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Welcome / Bienvenue

My name is Joël Meunier. I am an evolutionary biologist studying multiple aspects of social life and social evolution in insects.

Mon nom est Joël Meunier. Je suis chercheur au CNRS et j'étudie l'évolution de la vie sociale chez les insectes.


Institut de Recherche sur la Biologie de l’Insecte - UMR CNRS 7261

Université de Tours 
UFR Sciences et Techniques

Avenue Monge, Parc Grandmont
37200 Tours, FRANCE


Building I, Office 1350


Team ESORE webpage (link)

Email: joel[dot]meunier[At]univ-tours[dot]fr

Phone: +33 (0)2 47 36 73 72

Fax: +33 (0)2 47 36 69 66


What's new in our group? / Quoi de neuf dans notre équipe ?

4 November 2022

New paper accepted in Insectes sociaux that describes maternal egg care in a new earwig species 

Maternal egg care is generally considered to be ubiquitous among the 1,700 species of free-living Dermaptera. However, the forms, costs, and benefits of egg care have only been studied in a handful of species. In this study, we demonstrated for the first time that Forficula pubescens mothers express multiple forms of egg care including egg grooming, egg guarding, and active defences against predators, some of which vary with clutch size. However, maternal presence had contrasting effects on the eggs’ fate. On one hand, it reduced the survival of eggs during their first 30 days of development, which suggests that mothers eat part of their clutch during egg development and, contrary to other Dermapterans, that abandoned eggs can resist fungal development. On the other hand, maternal presence was necessary to allow the remaining eggs to hatch on day 53, indicating that mothers enhance late embryonic development and/or facilitate the hatching process. Finally, our results did not shed light on the costs of egg care for mothers in terms of premature death, reduced expression of self-grooming, or increased weight loss. This manuscript is based on the Master project of Nicolas Mouret. 

26 September 2022

New paper accepted in Animal Behaviour on the effect of cadmium on maternal egg care 

We studied the effects of exposure to cadmium, a highly toxic chemical pollutant widely distributed in the trophic chain, on egg production and maternal egg care in the European earwig. We fed 200 females with food containing cadmium for several weeks and then quantified the number of eggs produced, the expression of egg care and non-care behaviours, as well as maternal survival and egg development. In contrast to most results reported in other animal species, we found no evidence that ingestion of even substantial doses of cadmium affects any of the measured traits. This suggests that egg care is resilient to environmental cadmium pollution in earwigs and that females possess efficient and fast-acting physiological processes that help them reduce their sensitivity to heavy metal contamination. More generally, our findings may suggest that selection pressures associated with the necessity to express egg care have selected for higher resistance/tolerance against certain chemical pollutions, and thus that species with parental care could be more resilient in the face of increasing levels of anthropogenic pollution. This manuscript is the first one based on the ATER project of Romain Honorio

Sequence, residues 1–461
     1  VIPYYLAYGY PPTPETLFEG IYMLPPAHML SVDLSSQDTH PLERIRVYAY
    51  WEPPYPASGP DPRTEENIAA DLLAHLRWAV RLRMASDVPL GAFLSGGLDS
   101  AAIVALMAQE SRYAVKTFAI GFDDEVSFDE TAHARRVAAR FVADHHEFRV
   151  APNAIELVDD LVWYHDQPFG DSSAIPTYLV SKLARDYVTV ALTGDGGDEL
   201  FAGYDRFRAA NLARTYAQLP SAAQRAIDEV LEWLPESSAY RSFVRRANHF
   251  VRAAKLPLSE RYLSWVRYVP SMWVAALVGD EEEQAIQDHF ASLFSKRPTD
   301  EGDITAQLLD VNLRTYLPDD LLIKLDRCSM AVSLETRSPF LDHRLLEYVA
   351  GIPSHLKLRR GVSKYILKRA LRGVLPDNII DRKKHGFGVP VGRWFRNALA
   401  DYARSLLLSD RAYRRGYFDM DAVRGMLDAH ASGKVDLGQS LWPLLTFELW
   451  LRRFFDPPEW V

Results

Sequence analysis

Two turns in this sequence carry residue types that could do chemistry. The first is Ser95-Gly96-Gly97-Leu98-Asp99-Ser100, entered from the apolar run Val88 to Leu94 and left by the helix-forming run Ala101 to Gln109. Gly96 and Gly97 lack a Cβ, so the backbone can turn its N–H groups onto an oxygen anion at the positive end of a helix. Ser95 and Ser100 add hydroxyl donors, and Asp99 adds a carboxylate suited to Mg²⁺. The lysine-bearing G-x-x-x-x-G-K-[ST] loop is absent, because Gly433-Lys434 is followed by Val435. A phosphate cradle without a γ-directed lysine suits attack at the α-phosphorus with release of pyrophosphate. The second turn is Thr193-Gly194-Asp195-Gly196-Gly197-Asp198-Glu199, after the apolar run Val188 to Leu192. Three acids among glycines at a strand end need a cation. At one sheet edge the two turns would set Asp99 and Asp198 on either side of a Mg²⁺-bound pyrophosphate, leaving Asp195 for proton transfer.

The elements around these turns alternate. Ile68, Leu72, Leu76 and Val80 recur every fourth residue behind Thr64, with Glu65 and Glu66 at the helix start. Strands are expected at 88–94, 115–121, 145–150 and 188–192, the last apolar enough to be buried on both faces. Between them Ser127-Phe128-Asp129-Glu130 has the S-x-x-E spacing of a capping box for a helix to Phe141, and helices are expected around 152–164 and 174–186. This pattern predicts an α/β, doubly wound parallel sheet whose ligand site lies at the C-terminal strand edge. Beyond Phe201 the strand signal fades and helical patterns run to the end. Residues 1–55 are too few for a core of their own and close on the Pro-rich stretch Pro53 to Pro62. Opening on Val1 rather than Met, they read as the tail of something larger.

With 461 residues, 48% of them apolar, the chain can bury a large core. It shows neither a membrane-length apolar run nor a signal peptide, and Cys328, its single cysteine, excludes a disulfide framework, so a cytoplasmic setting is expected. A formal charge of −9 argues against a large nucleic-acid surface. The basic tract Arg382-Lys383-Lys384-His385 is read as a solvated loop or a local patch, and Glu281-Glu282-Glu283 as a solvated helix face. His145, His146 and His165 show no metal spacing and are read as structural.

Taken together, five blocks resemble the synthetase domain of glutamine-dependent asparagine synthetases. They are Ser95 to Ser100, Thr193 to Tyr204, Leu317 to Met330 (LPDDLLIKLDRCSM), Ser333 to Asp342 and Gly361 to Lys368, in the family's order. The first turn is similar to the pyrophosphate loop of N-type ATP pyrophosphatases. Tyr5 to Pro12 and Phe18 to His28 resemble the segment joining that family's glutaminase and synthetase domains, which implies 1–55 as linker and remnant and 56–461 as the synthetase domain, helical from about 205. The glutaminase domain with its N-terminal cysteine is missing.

23 July 2022

New paper accepted in Animal Behaviour on the role of sibling deprivation in the evolution of family life

We tested a new hypothesis suggesting that the need for juveniles to access sibling interactions may encourage juveniles to remain in a family group, thereby consolidating the early stages of family life evolution when parental care is facultative. We found that isolated earwig nymphs reached adulthood more quickly and that these adults were overall larger but showed an impaired aggregation behaviour compared to nymphs raised with siblings or with siblings and their mother. By contrast, sibling deprivation did not affect offspring survival, male forceps length and three other behaviours in adults (boldness, general activity, and exploration). Altogether, our findings suggest that the potential benefits of sibling interactions measured in this study play a minor role in the maintenance of earwig family life. They also emphasize the need to study the evolutionary drivers of family life in species where all members can switch from family to solitary life - a scenario that probably prevailed in the early evolution of sociality.  This manuscript is the 7th and last manuscript based on Sophie Van Meyel's PhD thesis. 

01 July 2022

Nicolas Mouret, Manon Boucicot and Sarah Moreau completed their internships

We had a great time hosting Nicolas, Manon, and Sarah during their internship. Their projects on hormonal regulation of maternal care, immune priming, and the effects of heavy metal pollution on earwig behaviours and morphology provided fantastic data that we hope you will read about very soon. It's sad to let you go, but travelling the world and experiencing new things in other labs or other paths is what brilliant students do! We have been lucky to have you around. We wish you the best in your future careers and hope you will always remember how earwigs rock!

17 May 2022

New paper published in Environmental Science and Pollution Research